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Ending tropical deforestation is vital to public health, scientists say

  • As tropical forests are destroyed and fragmented, mostly by agriculture, wildlife is forced into closer, more frequent, and novel contact with humans.
  • This increased contact, especially with animals whose health and behavior have been altered by human pressures, means a greater risk of zoonotic diseases spilling over from animals to humans.
  • The majority of global forest loss is caused by just four commodities — beef, soy, palm oil, and wood products — so the demand and incentives for these products needs to be addressed.
  • Slowing deforestation will require major reforms of global agricultural and financial systems, as well as policies and commitments directly aimed at conserving ecosystems.

Over the past century, researchers have discovered an average of two novel viruses per year with the ability to infect humans. Many of these viruses come from animals, and as more forests are lost, that number is on the rise.

Deforestation in the tropics, mostly caused by agriculture, is driving an increased rate of pathogen spillover from wildlife to humans, researchers from Emory University, the Zoological Society of London, Princeton University, and the University of Chicago say in a letter to the editor of Global Change Biology.

As forests are destroyed and fragmented, wildlife is forced into closer, more frequent, and novel contact with humans. This increased contact, especially with animals whose health and behavior have been altered by human pressures, means a greater risk of zoonotic diseases transferring from animals to humans — a lesson driven home by the COVID-19 pandemic.

“The COVID‐19 pandemic has forced us to recognize the linkages between our health, the environment, and financial and agricultural systems,” the letter says. “Protecting and promoting tropical forests is one of the most immediate steps we can take to simultaneously mitigate climate change while reducing the risk of future pandemics.”

Tropical deforestation is affecting not only the health of plants and animals that depend on the forest directly, but also of people worldwide through increased disease transmission, loss of ecosystem services, and accelerated climate change.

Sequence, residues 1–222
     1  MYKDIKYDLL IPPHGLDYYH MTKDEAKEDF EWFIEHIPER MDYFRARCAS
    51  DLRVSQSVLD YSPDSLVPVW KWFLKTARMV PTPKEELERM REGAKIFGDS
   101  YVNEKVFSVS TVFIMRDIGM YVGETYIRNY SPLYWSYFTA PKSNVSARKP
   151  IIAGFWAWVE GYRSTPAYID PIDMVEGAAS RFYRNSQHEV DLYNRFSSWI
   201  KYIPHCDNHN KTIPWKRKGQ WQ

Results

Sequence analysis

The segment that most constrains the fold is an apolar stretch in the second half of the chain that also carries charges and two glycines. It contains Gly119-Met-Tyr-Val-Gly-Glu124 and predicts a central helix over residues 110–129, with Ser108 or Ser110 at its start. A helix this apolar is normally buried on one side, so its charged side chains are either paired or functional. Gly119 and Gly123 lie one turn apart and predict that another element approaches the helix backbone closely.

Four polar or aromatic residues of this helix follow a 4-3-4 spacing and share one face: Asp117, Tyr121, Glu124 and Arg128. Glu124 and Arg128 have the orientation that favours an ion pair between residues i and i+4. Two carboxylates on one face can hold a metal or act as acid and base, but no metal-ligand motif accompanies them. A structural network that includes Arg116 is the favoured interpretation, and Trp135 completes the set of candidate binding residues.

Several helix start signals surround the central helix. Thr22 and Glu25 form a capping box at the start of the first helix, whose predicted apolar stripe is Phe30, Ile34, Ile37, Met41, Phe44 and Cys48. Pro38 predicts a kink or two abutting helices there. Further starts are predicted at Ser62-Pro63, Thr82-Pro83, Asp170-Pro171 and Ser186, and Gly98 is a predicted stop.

A recent analysis found that cutting deforestation levels by half would not only be a cost-effective way to reduce the risk of pathogen spillover but would contribute nearly $4 billion per year in reduced greenhouse gas emissions.

Deforestation in Borneo. Image by Rhett A. Butler/Mongabay.

Over the past half-century, the human population has more than doubled, and most people now live in urban rather than rural areas. Yet despite our urban concentrations, human activities still impact at least 75% of Earth’s land surface. Feeding these billions of urban dwellers takes one of the largest tolls.

“The major causes of biodiversity declines and extinctions — habitat loss and fragmentation, and over-exploitation — are driven largely by demand for food,” David Tilman from the University of Minnesota, U.S., and David R Williams from the University of Leeds, U.K., wrote in The Royal Society. “The global food system is the single greatest user of Earth’s biodiversity and poses the single greatest threat to that biodiversity.”

As farming and ranching take up more and more land, wildlife is pushed into more fragmented and degraded forest habitats. The increased interface between humans and animals and poor habitat quality can push animals to behave in new ways to access food and resources, facilitating pathogen spillover from wildlife to humans.

“Irrespective of whether humans are going into forest areas or animals are coming to human settlements due to deforestation, viruses are being exchanged,” Rajan Patil, associate professor of epidemiology at SRM University, Chennai, India, said in an interview with Mongabay. “Usually in undisturbed habitats, viruses keep circulating in mild forms in animals. It is when this equilibrium is disturbed and they come in contact with humans, some cross the species barrier due to a mutation, and human infections start taking place.”